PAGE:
“For consider your calling brethren, that there were not many wise according to the flesh, not many mighty, not many noble; but God has chosen the foolish things of the world to shame the wise, and God has chosen the weak things of the world to shame the things which are strong; and the base things of the world and the despised God has chosen . . . so that no man may boast before God.” —I Corinthians 1:26-28
Christmas Evans Wrestles with God, April 10, 1802
ales is a country that is part of the United Kingdom, along with England, Scotland and Northern Ireland. Some Welshmen still speak a form of “Britonic” Gaelic, which is especially reflected in their place and family names today. The Gospel took effect in Wales in the Roman times and the Christian Church retained influence in some places of that mountainous and historic country through the ages. A young man born on Christmas Day, and given that name, came on the scene in the late 18th century, and became one of the greatest preachers in a national history of powerful Gospel preaching in Wales.
Christmas Evans (December 25, 1766 – July 19, 1838)
The poor family of a shoemaker in the parish of Llandysul, Wales welcomed a son into the world on December 25, 1766. When Christmas Evans was nine years old, his father died in his cobbler’s stall, awl in hand. Christmas was sent to live with a drunken uncle. He later said of his uncle that “it would be difficult to find a more unconscionable man than James Lewis in the whole course of this wicked world.” For the next seven years, the boy remained illiterate, joined drunken gangs and lived a life bent on self-destruction and an early exit from the world. He was stabbed, almost drowned, and barely survived a wild ride on the back of a runaway horse.
Location of Llandysul within Wales, with county Ceredigion shown in red
God, however, had other plans, and Christmas Evans heard evangelist David Davies preach the Gospel; and he discipled Christmas personally, by candlelight, in an old barn at Penyralltfawr (Gaelic is neither easy to learn nor pronounce). Within a month, the young miscreant had professed Christ and learned to read the Bible. He learned English and Latin, as well as Reformed theology, and determined that God had called him to preach. His old gang ambushed Christmas, and in the ensuing fight gouged out his eye.
View of Llandysul, in county Ceredigion in Wales
There were three churches in the area, all of them Calvinistic in theology but variant in church government, baptism, and requirements for preaching the Gospel—Methodist, Baptist, and Presbyterian, the church of David Davies. At the age of twenty-one, Christmas Evans settled on the Baptists, although his preaching was said to be free of sectarianism of any sort, although when Weslyanism came to Wales, he opposed them for their Arminian theology. An association of Baptist churches gave the young, uncouth preacher a small cabin in which to live in the north of Wales, and ordained him to travel as an evangelist. His cottage was so small, he could not stand up in it. In two years he had increased his preaching churches to twenty-five, with more than six hundred converts. His reputation traveled to every corner of Wales.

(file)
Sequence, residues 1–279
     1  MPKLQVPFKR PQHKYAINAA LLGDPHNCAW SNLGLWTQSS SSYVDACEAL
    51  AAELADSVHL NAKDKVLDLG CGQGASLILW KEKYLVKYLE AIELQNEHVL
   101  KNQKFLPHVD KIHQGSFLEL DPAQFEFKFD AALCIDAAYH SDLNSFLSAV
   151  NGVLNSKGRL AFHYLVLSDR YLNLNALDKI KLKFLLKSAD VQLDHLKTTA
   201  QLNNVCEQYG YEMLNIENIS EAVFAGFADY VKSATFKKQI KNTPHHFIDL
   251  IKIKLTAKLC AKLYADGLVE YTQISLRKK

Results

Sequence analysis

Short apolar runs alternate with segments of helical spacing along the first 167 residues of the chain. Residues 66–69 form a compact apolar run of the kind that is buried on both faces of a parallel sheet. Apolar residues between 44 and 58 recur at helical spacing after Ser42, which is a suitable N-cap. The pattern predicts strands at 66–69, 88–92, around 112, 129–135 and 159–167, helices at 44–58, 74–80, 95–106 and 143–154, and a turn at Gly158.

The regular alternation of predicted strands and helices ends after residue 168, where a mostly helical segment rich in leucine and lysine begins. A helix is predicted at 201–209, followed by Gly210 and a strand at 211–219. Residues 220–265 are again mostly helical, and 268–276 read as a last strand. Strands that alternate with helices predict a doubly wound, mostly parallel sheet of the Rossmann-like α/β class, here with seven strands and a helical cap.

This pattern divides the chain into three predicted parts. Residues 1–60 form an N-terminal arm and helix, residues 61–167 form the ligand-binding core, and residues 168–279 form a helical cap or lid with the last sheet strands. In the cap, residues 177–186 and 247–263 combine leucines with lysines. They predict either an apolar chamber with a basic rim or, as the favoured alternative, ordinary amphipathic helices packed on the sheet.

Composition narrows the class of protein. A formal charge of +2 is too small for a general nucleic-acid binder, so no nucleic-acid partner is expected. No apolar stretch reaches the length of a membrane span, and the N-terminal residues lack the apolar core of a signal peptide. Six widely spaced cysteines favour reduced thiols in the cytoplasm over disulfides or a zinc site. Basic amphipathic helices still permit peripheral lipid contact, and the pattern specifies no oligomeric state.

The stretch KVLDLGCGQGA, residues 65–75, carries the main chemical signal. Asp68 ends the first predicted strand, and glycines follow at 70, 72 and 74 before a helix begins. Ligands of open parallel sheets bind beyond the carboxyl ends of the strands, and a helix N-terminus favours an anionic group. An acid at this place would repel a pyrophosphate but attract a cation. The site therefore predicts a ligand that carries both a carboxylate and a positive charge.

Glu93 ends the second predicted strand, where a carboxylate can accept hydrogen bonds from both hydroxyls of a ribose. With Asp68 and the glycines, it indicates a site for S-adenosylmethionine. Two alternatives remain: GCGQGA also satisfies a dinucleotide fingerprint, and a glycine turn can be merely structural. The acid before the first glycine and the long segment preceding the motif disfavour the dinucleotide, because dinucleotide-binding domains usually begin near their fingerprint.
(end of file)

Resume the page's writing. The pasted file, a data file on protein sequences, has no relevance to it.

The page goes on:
Christmas Evans’s appearance sometimes gave people pause, since he only had one decrepit suit of clothing, one eye, and an imposing stature; some claimed he was almost seven feet tall. One described him as a “bony, haggard, ill-dressed” boy. His preaching style was colorful and full of metaphors and homely examples, which went right to the heart of the simple people to whom he preached. In a short period of time, wherever he traveled, hundreds of spiritually hungry country people flocked to hear the message of salvation. He knew the Scriptures well, and how to apply them to sinful men. Historians have called him the “John Bunyan of Wales.”
It was said the secret to his success was his intense prayer. Once, after feeling that he was losing his zeal for preaching, the itinerant climbed to the top of a mountain on April 10, 1802, “to wrestle with God in prayer,“ and he came down restored and more powerful than ever in preaching. Forty times, often through rain and snow, Christmas traveled the length and breadth of Wales, preaching in towns, cities and the countryside. When consortiums of Baptist ministers assembled, he dominated the gatherings, and they all deferred to his opinions and leadership in love and respect.
Evans was responsible for raising all the money to build the chapels that sprung up in the wake of his preaching trips. And he was good at that also, keeping not a penny for himself. On one occasion he preached in a town where sheep-stealing was a popular pastime. He assumed that in a crowd so large, some of the perpetrators had to be in the congregation, so he “earnestly admonished the thieves to give nothing” when he passed the hat for the collection. “The collection that day was large, because everyone gave, some had to borrow to do so.”
Bethesda Baptist Chapel in Swansea, Wales, where Evans is buried
Christmas Evans died at the age of seventy-two after fifty-three years of ministry in Wales. His funeral was one of the largest ever attended in that country, and the one-eyed preacher from Angelsea is still remembered to this day. God brought a huge spiritual awakening for a half a century through a choice servant who did not waver nor care for appearances when delivering the Words of Life.